Published on 06.10.20 in Vol 8, No 10 (2020): October
Preprints (earlier versions) of this paper are available at http://preprints.jmir.org/preprint/20938, first published Jun 02, 2020.
BeyondSilos, a Telehealth-Enhanced Integrated Care Model in the Domiciliary Setting for Older Patients: Observational Prospective Cohort Study for Effectiveness and Cost-Effectiveness Assessments
Background: Information and communication technology may provide domiciliary care programs with continuity of care. However, evidence about the effectiveness and cost-effectiveness of information and communication technology in the context of integrated care models is relatively scarce.
Objective: The objective of our study was to provide evidence on the clinical effectiveness and cost-effectiveness of the BeyondSilos project for patients enrolled in the Badalona city pilot site in Spain.
Methods: A quasi-experimental study was used to assess the cost-effectiveness of information and communication technology–enhanced integration of health and social care, including the third sector (intervention), compared to basic health and social care coordination (comparator). The study was conducted in Badalona between 2015 and 2016. Participants were followed for 8 months.
Results: The study included 198 patients: 98 in the intervention group and 100 in the comparator group. The mean Barthel index remained unchanged in the intervention group (mean change 0.14, 95% CI –4.51 to 4.78; P=.95) but decreased in the comparator group (mean change –3.23, 95% CI –5.34 to –1.11; P=.003). Instrumental Activities of Daily Living significantly decreased in both groups: mean changes of –0.23 (95% CI –0.44 to –0.02; P=.03) and –0.33 (95% CI –0.46 to –0.20; P<.001) in the intervention and comparator groups, respectively. No differences were found in the Geriatric Depression Scale (intervention: mean change 0.28, 95% CI –0.44 to 1.01, P=.44; comparator: mean change –0.29, 95% CI –0.59 to 0.01, P=.06). The intervention showed cost-effectiveness (incremental cost-effectiveness ratio €6505.52, approximately US $7582).
Conclusions: The information and communication technology–enhanced integrated domiciliary care program was cost-effective. The beneficial effects of this approach strongly rely upon the commitment of the professional staff involved.
Trial Registration: ClinicalTrials.gov NCT03111004; http://clinicaltrials.gov/ct2/show/ NCT03111004
JMIR Med Inform 2020;8(10):e20938
Domiciliary care programs are increasingly used to deliver health care to patients―particularly older patients and those with chronic conditions―who are unable to go to a primary care center due to their medical condition or disability, thus improving their health and functional independence, while reducing hospitalizations [- ]. Among domiciliary care programs, integrated care models prioritize continuity in the sense that the same care provider supports the patient both at home and the primary care center. However, the need for integration with social care is often undervalued [ ]. The relevance of social care is not limited to the role of social workers, but also that of stakeholders in the third sector, which in some areas may strongly contribute to day-to-day welfare of these patients [ ].
Regardless of the involvement of stakeholders from the social domain, integrated domiciliary care models face the challenge of being efficient enough to absorb the rapidly rising number of care recipients in this setting, likely prompted by social and demographic shifts . In fact, the current overloaded schedule of primary care teams involved in integrated domiciliary care programs has been already identified as a significant drawback of this care model [ , ].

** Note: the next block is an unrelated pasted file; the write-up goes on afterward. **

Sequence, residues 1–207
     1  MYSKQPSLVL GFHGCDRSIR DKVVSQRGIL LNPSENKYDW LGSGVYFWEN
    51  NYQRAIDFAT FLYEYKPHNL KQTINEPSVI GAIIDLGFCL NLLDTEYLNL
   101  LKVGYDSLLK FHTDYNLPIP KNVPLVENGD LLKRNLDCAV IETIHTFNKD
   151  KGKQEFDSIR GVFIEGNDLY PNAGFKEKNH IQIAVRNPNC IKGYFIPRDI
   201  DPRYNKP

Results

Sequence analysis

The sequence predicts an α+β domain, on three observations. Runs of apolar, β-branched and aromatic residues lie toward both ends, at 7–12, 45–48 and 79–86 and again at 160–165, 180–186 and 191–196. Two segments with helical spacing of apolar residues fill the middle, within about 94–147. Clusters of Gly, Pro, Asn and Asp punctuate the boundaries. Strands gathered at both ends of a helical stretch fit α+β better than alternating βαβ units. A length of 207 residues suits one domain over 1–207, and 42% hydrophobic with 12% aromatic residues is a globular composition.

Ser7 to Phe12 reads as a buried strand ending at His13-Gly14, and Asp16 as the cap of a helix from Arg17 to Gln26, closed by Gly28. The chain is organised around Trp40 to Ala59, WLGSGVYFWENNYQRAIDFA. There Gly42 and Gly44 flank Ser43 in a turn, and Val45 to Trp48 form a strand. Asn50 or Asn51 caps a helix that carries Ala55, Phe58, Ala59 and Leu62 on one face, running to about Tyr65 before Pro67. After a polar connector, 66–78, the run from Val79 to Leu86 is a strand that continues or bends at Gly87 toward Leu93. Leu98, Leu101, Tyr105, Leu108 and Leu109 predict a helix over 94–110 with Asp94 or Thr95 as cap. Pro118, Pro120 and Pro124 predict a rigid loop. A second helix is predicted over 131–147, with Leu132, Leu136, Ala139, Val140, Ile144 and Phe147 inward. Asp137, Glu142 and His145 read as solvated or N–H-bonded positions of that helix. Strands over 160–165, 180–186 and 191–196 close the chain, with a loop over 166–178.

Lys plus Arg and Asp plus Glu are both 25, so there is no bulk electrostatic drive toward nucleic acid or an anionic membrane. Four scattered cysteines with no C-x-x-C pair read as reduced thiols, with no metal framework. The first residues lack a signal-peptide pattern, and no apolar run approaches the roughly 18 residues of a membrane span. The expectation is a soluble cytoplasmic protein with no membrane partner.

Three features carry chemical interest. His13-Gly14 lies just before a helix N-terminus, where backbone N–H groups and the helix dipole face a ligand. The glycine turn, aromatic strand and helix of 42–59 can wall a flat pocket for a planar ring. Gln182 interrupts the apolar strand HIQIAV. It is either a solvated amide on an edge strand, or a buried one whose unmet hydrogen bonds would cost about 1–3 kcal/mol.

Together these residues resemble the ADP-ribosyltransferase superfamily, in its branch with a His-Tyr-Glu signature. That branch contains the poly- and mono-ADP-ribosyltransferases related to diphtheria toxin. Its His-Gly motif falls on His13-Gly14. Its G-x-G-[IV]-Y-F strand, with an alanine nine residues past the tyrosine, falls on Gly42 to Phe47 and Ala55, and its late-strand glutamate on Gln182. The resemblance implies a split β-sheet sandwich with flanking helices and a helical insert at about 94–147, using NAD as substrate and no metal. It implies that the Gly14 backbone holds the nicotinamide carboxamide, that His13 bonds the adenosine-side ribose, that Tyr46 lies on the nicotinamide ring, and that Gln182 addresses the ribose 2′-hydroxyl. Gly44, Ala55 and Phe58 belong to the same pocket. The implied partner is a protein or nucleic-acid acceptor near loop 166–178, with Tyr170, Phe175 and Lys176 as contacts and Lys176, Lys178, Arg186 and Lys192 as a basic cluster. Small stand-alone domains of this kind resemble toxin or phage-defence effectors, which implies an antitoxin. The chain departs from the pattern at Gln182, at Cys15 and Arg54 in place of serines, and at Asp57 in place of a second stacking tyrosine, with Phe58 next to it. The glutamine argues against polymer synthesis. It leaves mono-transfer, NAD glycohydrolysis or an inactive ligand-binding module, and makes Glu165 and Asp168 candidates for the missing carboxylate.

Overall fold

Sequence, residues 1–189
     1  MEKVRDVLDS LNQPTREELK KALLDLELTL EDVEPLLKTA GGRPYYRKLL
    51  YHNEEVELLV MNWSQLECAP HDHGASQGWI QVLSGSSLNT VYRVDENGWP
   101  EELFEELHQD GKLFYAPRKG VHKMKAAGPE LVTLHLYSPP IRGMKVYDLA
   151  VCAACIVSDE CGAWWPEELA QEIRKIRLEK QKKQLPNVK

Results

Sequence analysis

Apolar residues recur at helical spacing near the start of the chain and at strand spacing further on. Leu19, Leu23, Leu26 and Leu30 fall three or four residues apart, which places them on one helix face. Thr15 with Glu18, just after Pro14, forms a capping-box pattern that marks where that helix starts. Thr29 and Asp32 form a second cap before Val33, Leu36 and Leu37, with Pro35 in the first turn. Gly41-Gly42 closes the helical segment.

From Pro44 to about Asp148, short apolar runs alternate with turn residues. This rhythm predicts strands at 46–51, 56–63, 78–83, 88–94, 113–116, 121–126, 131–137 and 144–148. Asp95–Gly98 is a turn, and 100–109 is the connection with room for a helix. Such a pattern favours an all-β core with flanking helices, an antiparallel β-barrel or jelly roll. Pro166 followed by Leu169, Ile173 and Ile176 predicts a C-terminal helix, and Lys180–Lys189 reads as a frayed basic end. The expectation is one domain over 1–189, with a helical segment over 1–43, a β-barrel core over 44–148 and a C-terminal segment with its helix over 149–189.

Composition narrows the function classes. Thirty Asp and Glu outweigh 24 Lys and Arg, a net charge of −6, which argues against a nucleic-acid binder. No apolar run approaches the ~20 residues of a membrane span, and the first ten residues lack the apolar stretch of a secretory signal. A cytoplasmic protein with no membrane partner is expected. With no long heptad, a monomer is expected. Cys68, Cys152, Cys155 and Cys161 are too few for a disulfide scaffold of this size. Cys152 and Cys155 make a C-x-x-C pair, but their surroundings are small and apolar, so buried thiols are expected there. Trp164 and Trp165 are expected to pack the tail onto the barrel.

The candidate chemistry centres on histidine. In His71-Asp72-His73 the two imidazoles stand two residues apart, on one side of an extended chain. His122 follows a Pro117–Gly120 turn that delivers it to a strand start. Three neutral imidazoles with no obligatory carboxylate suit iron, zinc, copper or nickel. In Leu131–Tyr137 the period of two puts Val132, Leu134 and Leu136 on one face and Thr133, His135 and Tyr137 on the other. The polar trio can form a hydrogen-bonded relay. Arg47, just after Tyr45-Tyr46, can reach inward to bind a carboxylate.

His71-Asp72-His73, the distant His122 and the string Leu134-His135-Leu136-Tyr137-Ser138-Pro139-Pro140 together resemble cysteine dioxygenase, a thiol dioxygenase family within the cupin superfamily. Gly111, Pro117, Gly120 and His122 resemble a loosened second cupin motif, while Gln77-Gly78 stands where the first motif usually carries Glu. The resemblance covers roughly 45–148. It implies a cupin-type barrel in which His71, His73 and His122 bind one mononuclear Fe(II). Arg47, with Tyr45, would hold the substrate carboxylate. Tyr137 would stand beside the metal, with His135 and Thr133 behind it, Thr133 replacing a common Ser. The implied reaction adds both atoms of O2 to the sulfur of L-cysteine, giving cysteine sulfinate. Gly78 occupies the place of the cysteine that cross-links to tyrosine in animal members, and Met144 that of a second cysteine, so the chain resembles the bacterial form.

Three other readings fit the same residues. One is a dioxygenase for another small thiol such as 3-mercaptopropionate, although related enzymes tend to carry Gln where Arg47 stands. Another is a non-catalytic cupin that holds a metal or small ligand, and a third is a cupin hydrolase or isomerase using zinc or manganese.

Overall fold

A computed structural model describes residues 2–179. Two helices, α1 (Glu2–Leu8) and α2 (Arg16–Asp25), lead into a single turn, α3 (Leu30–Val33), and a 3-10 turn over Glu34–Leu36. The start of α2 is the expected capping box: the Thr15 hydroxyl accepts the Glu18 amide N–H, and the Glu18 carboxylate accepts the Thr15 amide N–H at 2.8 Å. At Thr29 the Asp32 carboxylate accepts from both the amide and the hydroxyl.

Among the interventions designed to increase the efficiency of health care systems, the use of information and communication technologies have shown promising results in various areas, including the management of older people with chronic diseases [- ]. Besides integrating all patient information and facilitating the coordination of the various professionals involved, information and communication technology provides domiciliary care with telemonitoring solutions, which may bring patients and professionals closer [ ]. However, the evidence regarding the cost-effectiveness of these solutions in the context of integrated care models is scarce and heterogeneous in terms of quality [ , , ].
The BeyondSilos Project
BeyondSilos aimed to promote community-based, independent lives by providing domiciliary care with information and communication technology solutions capable of crossing through domain boundaries that typically separate social and health care providers . One of the key areas of integration (frequently referred as to horizontal integration) was for the common access of all cross-sectorial care teams, including those of the third sector, to telehealth platforms in order to improve coordination and promote continuity of care.
To overcome the traditional boundaries separating social and health care, information and communication technology solutions of the BeyondSilos project went hand-in-hand with innovative organizational designs. This approach was based on the assumption by Urošević and Mitić, who pointed out that “Successful service integration in policy and practice requires both technology innovation and service process innovation being pursued and implemented at the same time .” Because information and communication technology–based services are typically delivered within sociotechnical system (ie, organizational frameworks where people interact with technology), their success often depends on the value of people applying technology. Hence, information and communication technology can effectively support well-designed care service delivery processes, but it cannot replace them because of the emotional aspects of physical meetings [ ].
The first step in achieving a combined innovation approach was the development of common integrated care pathways that were to be supported by information and communication technology. For this purpose, the project adopted 2 generic service pathways of the SmartCare project which were adapted to fit local context through service process modeling techniques (). The first pathway addressed needs for integrated home care during an acute episodes and immediately after hospital discharge. The second pathway was directed toward people needing integrated long-term care (eg, frail patients with multiple comorbidities).